Landlords call for PRS legislation to safeguard tenants whilst protecting investment
Organisations representing landlords and letting agents in Scotland will today ask the Scottish Government to ensure forthcoming legislation provides more security and improved standards for tenants whilst also protecting investment in the private rented sector (PRS) in Scotland.
At a meeting with Scottish minister for housing and welfare, Margaret Burgess MSP, representatives from the Scottish Association of Landlords (SAL) and Council of Letting Agents (CLA) will ask the minister to reconsider measures such as longer tenancies and extended mandated notice periods to give tenants more security, but will argue that rent controls and the elimination of the “no fault” clause will be counter-productive.
The discussion comes following the end of a Scottish Government consultation on legislation expected to be laid before the Scottish Parliament in the autumn which will propose a new rental regime for the sector.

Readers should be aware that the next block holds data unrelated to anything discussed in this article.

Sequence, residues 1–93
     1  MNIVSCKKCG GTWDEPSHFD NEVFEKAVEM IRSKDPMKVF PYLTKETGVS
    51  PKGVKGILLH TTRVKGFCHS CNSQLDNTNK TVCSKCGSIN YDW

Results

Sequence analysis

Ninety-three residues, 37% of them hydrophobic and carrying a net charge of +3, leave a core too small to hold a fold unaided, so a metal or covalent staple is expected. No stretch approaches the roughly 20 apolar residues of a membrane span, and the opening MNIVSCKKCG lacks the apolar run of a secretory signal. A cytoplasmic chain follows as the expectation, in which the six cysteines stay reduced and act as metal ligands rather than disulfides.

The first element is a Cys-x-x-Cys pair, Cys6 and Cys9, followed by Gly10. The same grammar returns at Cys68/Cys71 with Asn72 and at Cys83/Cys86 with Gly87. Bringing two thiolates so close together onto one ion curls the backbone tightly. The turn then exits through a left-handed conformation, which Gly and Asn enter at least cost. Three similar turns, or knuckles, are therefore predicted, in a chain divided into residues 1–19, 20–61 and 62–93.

At the same meeting, SAL and CLA will present the minister with a petition of over 3,500 signatures urging the Scottish Government and MSPs to balance the need to protect tenants with supporting investment in the PRS to tackle Scotland’s growing housing crisis.
John Blackwood, chief executive of SAL, said: “There is a surprising amount of consensus between landlords and letting agents, housing charities and the Scottish Government about the need to balance the provision of security of tenure for tenants whilst, at the same time, ensuring the private rented sector in Scotland can grow and flourish.
“There is also agreement that the private rented sector has a crucial role to play in tackling Scotland’s housing crisis, alongside additional house-building and an increase in social housing provision.
“As an industry, we fully support measures which will help find this balance but do not believe measures like rent controls or ending the ‘no fault’ clause will achieve this. We would urge the Scottish Government to reconsider additional protections for tenants without harming investment in the private rented sector.”